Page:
Published On: Fri, Jul 24th, 2015

The Critics Love Jesse Eisenberg and Jason Segel’s ‘The End of the Tour’

end of tour

Its official. The Critics Love Jesse Eisenberg and Jason Segel’s new movie “The End of the Tour.” The movie review site Rotten Tomatoes gave it a 95% rating.

In the movie, due out July 31st, Segel plays author David Foster Wallace who tells his life story to journalist David Lipsky who is played by Jesse Eisenberg. It is based on Lipsky’s book.

Kyle Smith wrote in the New York Post, “The script is so full of acute observations that I found myself scribbling down the whole movie as I was watching. Wallace says dogs are better than women because although (he stresses) he doesn’t have sex with the beasts, he can avoid the worry that he’s breaking their hearts.

“He doesn’t have a TV because he knows he would watch it nonstop, and says TV is the worst addiction of his life (though “Infinite Jest” deals heavily with drug abuse). He’s wary of fame because years toiling as a literary novelist were only endurable because he convinced himself that the acclaimed writers weren’t any good; now that he has joined the ranks of the well-known, he is suffering from cognitive dissonance. He disputes any notion that wearing a headband all the time is an “affectation;” it’s more like a “foible, ” he says, one of his many defense mechanisms.”

The Hollywood Reporter said, “While The End of the Tour is structured as a quasi-road movie with a post-mortem framing device, in many ways, this is not inherently cinematic subject matter. The film considers such intangibles as the illusory bond of friendship between ambitious interviewer and celebrated subject, professional envy, the loneliness of writing, the mental transference of reading, and the sheer exhilarating buzz of stimulating two-way conversation.”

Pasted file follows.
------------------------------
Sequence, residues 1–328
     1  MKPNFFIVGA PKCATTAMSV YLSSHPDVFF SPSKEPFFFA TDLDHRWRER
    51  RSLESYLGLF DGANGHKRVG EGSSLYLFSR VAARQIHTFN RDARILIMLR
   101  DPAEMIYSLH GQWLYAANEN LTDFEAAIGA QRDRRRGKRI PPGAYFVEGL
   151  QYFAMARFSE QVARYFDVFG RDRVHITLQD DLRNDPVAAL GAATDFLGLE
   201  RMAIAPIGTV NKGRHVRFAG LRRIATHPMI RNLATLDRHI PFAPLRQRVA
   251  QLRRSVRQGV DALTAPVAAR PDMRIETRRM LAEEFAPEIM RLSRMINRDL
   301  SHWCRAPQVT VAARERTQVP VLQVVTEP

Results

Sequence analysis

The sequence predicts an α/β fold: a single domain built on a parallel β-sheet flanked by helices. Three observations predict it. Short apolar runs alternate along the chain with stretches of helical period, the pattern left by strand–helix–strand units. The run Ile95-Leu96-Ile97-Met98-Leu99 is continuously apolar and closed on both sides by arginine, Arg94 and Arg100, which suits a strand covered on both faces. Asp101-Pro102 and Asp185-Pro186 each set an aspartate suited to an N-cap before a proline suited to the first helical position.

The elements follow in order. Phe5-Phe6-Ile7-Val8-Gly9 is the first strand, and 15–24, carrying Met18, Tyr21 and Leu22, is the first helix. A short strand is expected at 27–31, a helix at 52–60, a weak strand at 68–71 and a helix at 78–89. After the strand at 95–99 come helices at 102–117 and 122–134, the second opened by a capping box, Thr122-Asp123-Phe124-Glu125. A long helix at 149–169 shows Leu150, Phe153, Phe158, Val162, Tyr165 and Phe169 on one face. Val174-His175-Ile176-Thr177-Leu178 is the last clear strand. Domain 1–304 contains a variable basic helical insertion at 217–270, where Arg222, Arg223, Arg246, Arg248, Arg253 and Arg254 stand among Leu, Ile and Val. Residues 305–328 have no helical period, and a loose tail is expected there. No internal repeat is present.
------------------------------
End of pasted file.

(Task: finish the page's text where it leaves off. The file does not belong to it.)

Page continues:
“It also doesn’t shy away from the great themes that defined Wallace’s work, solitude in first position. It adopts the late writer’s perspective as the apologetic representative of a privileged, over-educated generation frequently destined to find disappointment in achievement. And it conveys the prescience of his vision of evolving information technology, foreseeing a future in which smart people would be in danger of spending their lives sitting alone, “immersed in pure unalloyed pleasure.” Essentially, this is a film about existential emptiness, and yet it’s beautiful and alive, as filled with humor as it is with melancholy.”

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